What a Difference a Couple of Days Can Make in Your Life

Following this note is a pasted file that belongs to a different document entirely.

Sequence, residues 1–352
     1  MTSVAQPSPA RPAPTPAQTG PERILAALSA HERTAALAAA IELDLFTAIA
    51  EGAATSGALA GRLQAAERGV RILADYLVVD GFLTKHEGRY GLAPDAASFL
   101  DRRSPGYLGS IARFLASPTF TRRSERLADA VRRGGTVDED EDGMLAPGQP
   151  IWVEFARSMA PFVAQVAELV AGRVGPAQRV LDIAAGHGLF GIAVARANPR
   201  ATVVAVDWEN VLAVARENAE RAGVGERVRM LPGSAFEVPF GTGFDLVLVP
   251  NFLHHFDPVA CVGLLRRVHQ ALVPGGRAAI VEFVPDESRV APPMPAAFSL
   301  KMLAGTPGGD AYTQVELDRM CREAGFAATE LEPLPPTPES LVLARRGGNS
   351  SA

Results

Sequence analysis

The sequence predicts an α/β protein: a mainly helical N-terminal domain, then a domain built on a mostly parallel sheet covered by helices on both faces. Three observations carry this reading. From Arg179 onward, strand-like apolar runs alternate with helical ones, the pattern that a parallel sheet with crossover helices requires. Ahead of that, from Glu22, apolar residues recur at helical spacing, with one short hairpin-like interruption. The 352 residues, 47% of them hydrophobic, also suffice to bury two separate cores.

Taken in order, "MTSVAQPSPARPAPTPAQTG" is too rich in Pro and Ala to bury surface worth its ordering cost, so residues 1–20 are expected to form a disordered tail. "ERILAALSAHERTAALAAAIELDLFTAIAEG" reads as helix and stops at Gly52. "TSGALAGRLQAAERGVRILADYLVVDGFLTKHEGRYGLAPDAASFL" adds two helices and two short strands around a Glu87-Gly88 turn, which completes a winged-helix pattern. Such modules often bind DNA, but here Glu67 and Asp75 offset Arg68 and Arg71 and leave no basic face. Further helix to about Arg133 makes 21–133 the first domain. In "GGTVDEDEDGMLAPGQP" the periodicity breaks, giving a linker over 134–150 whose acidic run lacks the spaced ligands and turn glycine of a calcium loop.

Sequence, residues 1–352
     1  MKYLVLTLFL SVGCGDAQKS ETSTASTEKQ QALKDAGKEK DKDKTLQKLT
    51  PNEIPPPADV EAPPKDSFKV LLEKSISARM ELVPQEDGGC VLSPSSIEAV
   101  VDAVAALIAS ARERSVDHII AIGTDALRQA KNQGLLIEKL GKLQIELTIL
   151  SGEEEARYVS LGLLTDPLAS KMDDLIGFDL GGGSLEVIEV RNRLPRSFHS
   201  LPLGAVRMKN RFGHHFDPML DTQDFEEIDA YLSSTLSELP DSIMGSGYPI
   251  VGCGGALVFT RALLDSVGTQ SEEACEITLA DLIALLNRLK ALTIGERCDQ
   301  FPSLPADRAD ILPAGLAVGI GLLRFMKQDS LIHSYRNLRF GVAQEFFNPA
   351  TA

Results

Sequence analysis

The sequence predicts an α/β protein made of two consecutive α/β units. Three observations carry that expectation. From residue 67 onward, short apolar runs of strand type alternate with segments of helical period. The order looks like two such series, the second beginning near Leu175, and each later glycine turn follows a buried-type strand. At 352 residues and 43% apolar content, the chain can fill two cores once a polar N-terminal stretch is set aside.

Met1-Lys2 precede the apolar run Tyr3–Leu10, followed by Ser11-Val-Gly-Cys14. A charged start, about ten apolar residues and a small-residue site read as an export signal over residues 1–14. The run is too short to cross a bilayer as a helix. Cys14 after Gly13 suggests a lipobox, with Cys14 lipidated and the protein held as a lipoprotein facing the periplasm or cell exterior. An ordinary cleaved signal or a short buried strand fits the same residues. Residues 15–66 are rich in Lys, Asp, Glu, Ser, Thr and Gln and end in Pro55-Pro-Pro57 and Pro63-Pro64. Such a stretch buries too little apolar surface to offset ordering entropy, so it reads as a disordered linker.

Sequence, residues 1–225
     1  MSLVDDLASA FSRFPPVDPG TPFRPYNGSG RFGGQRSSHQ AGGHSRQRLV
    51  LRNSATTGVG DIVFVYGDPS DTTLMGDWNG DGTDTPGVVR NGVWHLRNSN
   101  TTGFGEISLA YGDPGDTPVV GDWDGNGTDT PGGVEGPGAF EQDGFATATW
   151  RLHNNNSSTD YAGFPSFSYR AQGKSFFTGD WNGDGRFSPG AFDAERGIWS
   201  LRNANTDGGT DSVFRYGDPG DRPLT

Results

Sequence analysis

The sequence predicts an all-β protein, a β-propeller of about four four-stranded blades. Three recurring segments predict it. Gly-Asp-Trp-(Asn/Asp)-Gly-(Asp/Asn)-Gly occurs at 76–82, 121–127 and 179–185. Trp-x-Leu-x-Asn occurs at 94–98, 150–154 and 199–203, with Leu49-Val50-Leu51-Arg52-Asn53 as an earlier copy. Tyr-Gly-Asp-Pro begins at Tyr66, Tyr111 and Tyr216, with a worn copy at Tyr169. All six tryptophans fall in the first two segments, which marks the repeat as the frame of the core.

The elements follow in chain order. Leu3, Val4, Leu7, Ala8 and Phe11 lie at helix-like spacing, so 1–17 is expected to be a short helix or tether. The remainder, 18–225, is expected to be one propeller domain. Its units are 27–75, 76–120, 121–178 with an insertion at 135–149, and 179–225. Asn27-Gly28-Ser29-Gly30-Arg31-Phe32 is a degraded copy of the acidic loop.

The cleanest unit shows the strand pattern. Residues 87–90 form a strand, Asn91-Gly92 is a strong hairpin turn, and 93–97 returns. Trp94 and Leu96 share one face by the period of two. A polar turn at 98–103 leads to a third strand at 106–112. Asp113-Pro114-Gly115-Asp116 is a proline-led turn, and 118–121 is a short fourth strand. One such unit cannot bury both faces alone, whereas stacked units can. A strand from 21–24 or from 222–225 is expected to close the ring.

I had planned on posting a new blog post Sunday.  I was going to blog about my current quilting projects, the guild party, etc.  Before that ever happened, about 10:30 Sunday morning, my husband had and “episode”.  He stood up from his recliner to go to the kitchen.  His right arm suddenly went numb, and I thought he looked “funny”.  He assured me he was fine.  Yeah, right.  He poured himself a glass of juice and went back to his recliner.  Within just a few more minutes, his chin became numb.  I grabbed my phone, called his daughter who is an RN, said something is wrong with your dad and I think we need to go to the ER, his right arm and chin are numb! And then I  ran to throw on some clothes and shoes.  I was still in my pj’s.  She got here, looked at him, and said yes, we were going to the ER.  His blood pressure was 199/133.  They found some bleeding in his brain, and said they were sending us on to Amarillo.  However, Amarillo did not have any neurosurgeons on call, so they ended up sending us to Lubbock.  In an Eagle Med plane.  Apparently, my husband is too tall for the helicopter.  Since he had to be flown by plane, I was allowed to fly along with him.  My stepdaughter drove to Lubbock, while my son, her husband and family stayed behind to take care of things at home, til we knew more.